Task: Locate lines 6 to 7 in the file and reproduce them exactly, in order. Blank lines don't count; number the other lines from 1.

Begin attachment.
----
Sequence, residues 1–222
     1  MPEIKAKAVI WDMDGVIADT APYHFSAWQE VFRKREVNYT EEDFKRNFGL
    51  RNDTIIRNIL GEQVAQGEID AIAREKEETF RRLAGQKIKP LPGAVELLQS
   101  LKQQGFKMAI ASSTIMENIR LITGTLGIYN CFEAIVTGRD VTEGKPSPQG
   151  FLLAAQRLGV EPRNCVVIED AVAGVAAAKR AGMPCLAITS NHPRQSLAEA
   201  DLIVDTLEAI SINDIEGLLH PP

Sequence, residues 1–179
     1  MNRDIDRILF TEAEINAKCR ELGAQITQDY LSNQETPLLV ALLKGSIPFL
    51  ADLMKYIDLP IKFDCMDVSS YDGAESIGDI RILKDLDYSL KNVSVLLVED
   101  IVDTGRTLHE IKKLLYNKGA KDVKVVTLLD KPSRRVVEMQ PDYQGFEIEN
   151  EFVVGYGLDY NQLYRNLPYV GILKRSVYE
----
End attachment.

   201  DLIVDTLEAI SINDIEGLLH PP

Sequence, residues 1–179